There were three great feasts in the Jewish Church during the year, at which all the males in Israel were required to be present. Swedenborg also speaks of receiving the Sacrament “two or three times in the year”; and also of receiving it " frequently every year.” — H. D., 124. If more times than we have named seem desirable, such intermediate times may be chosen as will most call to mind the Lord's Love, and the work He did, and does, for us. We are deeply impressed with the feeling that the Holy Supper, as well as the Sacrament of Baptism, is too little regarded by us. We can but consider it as the great act of external worship, to which all others bear a subordinate relation; the most holy act, the most important act, the most powerful, in effecting and confirming states of salvation, of all external acts of formal worship in the Church. It has been already shown to be the completion and fulness of all the representative worship of the Jewish Church, and to signify now to us, all that the whole sacrificial worship of the Jews signified. The sacrifices were called in one word, Bread, and signified - The Bread of God that came down from heaven, to give life to the world." The Holy Supper signifies the same. The sacrifice, when brought to the altar and offered to the Lord by the priest, was thereby consecrated as the Lord's meat (or bread), and was then eaten by the worshipper as the Bread of God given to him. So in the Holy Supper, the Bread, at the institution of the Supper, was taken by the Lord and consecrated by blessing, and then broken and given to the disciples, who ate it as the Bread of God, - as the Flesh of the Son of Man. The change of sacrificial worship at the end of the Jewish Church was not the destruction of it. It was a change from the use of animal flesh to bread, and a condensation of all the various sacrificial rites into one. The Jewish sacrifices figured forth the great sacrifice of the Lord Himself for the salvation of men, in other words, His glorification. And just so the Holy Supper shows forth “the Lord's death till He come.” By His death is signified His resurrection, – that is, His glorification. And now in the Holy Supper is represented and signified the true sacrifice, the devotion of our souls to the Lord, the acknowledgment that all good in us is His, offering it to Him, and praying for His blessing, receiving it again from His table, and appropriating it to the nourishment of our souls. And its power to open heaven to the worthy communicant is in its correspondence. And when properly regarded and properly received it does open heaven, bring the angels near, conjoin the souls of the communicants with the Lord, seal them as the sons of God, and introduce them into interior membership in angelic societies. Without the internal things signified by it, — " Faith in the Lord and Charity towards the neighbor; Remembrance of the Lord and of His love for the salvation of men,” — T. C. R., 725, 709, the Holy Supper is but a hollow formality ; but accompanied by the internal things it properly signifies, it possesses the power of the Divine Onnipotence to save.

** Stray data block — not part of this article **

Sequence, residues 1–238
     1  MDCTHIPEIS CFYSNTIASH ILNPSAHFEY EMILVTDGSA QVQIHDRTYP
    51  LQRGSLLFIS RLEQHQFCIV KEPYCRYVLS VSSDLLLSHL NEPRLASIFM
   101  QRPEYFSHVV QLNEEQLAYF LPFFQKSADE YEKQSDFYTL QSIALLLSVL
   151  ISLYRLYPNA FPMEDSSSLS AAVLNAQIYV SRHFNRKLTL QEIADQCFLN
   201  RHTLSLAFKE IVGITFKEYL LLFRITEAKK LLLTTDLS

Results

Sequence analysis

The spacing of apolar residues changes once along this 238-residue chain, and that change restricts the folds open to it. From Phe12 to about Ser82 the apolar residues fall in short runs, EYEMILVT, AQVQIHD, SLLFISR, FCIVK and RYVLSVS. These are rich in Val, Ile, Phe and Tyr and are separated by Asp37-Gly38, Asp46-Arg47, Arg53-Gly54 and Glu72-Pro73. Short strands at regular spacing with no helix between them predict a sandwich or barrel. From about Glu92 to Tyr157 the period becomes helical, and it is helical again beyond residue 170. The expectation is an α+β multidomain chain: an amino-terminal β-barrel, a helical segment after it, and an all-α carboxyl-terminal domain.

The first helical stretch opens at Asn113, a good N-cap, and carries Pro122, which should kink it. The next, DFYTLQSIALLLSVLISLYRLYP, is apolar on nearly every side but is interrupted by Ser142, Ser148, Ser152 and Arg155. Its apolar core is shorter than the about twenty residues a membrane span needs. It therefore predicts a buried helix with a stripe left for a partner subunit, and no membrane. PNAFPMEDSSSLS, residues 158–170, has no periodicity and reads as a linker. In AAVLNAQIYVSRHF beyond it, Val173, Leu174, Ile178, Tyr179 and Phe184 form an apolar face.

Unleavened bread and pure wine are proper elements to be used.